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October 2, 2018
by Dyana Berthaud and Wells Megalli

At first glance, we might think of solving homelessness as solely an architecture problem: the profession, after all, can design structures that occupants can call homes. However, when investigated more thoroughly, it becomes evident that homelessness is actually a complex issue that compounds various problems including lack of affordability, mental illness, trauma, substance abuse, and societal rejection, to name a few. In this light, providing shelter is merely a band-aid. Architecture alone cannot solve homelessness, but when our skills are applied to the issue, we have the ability to create a path that promotes growth, development, and self discovery.

On 09.14.2018, the AIANY Civic Leadership Program’s third development session, “Population in Transition,” was held in University Heights, The Bronx. The aim for the session was for participants to to explore how shelters can promote safety, wellness, education, and self-improvement. CLP leaders, advisors, and guest speakers arrived at Landing Road Residence for a session hosted by the directors of the Bowery Residents Committee (BRC). Landing Road, a BRC project completed and occupied by February 2018, is split into two programs: Reaching New Heights (RNH), a 200-bed transitional shelter, and Apartments at Landing Road Residence, a 135-unit, low-income housing project that includes studios and one- and two-bedroom units.

The session kicked off with introductions from Roderic Bendel, Program Director of Landing Road, followed by a facility tour led by Andrew Knox of ESKW Architects. The group toured numerous spaces, discussing affordable materials, human behavior, and resident development.

The group learned that ESKW Architectures resolved the issues particular to Landing Road with various design approaches. The single-bed sleeping quarters that house 10 or fewer men is meant to provide privacy and storage for individuals in order to ease hostile encounters and other issues that may arise through dorm-style living. Shared bathrooms are constructed with affordable and sustainable materials. Lighting is thoughtfully placed for maximum indirect light and a minimum number of fixtures. The cafeteria hosts various-style seating, from large and small tables to bar-height tables and stools, and also has access to the outdoor patio. There, residents can use additional tables and benches around the perimeter to access views of the Harlem River and University Heights. In the Landing Road Residence, the group visited a typical two-bedroom unit, which, to their surprise, was quite roomy thanks to a well-designed layout and careful detailing.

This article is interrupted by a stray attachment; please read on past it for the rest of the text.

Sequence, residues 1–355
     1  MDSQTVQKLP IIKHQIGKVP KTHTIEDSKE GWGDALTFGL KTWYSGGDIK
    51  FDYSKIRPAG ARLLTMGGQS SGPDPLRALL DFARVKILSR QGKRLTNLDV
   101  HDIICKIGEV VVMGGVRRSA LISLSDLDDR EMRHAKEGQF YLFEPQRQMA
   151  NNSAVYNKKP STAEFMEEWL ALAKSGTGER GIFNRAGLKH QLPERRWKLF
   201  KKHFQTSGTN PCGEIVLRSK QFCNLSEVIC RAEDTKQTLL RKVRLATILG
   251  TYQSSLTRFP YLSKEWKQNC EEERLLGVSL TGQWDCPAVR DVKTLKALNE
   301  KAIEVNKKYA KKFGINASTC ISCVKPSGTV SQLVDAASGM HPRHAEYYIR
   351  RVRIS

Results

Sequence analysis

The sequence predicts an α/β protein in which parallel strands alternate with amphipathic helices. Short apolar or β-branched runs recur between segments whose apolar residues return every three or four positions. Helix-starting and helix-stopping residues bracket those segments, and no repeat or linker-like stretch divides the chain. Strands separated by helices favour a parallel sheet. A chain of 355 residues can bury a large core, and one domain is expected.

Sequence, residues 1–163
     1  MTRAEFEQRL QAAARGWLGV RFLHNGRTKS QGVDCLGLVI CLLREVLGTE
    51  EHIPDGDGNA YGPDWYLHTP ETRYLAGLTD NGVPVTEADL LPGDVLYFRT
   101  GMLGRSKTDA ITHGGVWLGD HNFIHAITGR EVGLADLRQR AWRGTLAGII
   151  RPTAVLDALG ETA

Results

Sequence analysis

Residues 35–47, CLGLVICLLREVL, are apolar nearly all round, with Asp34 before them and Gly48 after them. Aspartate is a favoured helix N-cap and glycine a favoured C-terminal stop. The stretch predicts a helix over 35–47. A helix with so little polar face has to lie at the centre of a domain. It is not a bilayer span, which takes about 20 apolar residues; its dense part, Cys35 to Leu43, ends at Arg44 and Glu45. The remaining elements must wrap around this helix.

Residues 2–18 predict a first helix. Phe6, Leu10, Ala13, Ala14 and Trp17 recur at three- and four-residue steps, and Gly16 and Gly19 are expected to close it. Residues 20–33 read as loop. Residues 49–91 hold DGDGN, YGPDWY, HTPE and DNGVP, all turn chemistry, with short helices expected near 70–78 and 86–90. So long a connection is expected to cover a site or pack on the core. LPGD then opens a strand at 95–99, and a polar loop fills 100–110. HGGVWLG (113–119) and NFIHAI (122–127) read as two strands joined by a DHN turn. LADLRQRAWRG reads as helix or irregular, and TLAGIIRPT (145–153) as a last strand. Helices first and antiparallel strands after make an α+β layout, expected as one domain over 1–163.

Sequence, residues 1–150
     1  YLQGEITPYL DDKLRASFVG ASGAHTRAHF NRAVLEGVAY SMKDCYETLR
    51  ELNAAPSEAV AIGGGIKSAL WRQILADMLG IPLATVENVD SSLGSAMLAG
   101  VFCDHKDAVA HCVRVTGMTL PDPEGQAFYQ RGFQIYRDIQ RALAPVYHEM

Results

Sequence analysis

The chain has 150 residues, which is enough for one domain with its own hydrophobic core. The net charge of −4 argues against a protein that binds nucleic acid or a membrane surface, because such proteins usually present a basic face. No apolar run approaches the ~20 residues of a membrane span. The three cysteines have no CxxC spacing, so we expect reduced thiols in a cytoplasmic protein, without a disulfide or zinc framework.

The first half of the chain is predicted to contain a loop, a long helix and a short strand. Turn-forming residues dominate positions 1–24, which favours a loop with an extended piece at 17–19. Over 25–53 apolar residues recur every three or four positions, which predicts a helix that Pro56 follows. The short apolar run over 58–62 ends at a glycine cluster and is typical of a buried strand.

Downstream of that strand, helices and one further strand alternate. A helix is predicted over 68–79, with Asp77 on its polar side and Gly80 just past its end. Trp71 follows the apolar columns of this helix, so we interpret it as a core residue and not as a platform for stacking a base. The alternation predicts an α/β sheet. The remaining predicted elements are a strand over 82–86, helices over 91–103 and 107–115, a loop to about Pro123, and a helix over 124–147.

Landing Road is very unique when compared with other assisted living buildings/programs. Many shelters, clusters, or safe havens are quickly retrofitted for immediate housing and lack conscious design efforts to respond to the needs of occupants, at times creating dangerous conditions. In contrast, Landing Road was specifically built for safety, privacy, independence, and quality living. Understanding how psychological design strategies can improve a resident’s recovery from trauma, this prototype simultaneously responds to immediate needs, while potentially reducing homelessness in the long term.

Following the site tour, the Civic Leaders returned to the conference room for a roundtable discussion with additional guests speakers. Nicole Clare, Senior VP of Housing Development for BRC, described BRC’s shelters and clusters, and provided insight into the advancements of Landing Road. Esteban Reichberg, a CLP co-founder and current Urban Design Forum Fellow for the Shelter For All Fellowship, discussed historical references, court cases (including Callahan v. Carey, 1979), and political agreements that affect how the city responds to homelessness. Together, the group covered various topics including the state of NYC shelters, the incentives for architects to get involved in civic-minded work, and how Landing Road can dictate future shelter design.

The development session concluded with a design charrette led by Bendel and Knox. Each team received an existing, unresolved issue in the shelter. With the aid of a handful of residents, a member from the maintenance staff, and clinical staff, teams gained important insight that helped them approach spatial and security challenges, including lobby security issues, terrace access and safety, and washer and dryer unit location. After 30 minutes, the teams pinned up their work and presented their ideas.

The success of the development session lied in two conclusions. First, architects must step back and realize that it takes more than analytics and design to understand homelessness and housing. Second, architects are skilled at visualizing and understanding the spaces where people live. In order to create an effective shelter, we must incorporate conscious design to create symbiotic relationships between those who facilitate the shelter system and the homeless.

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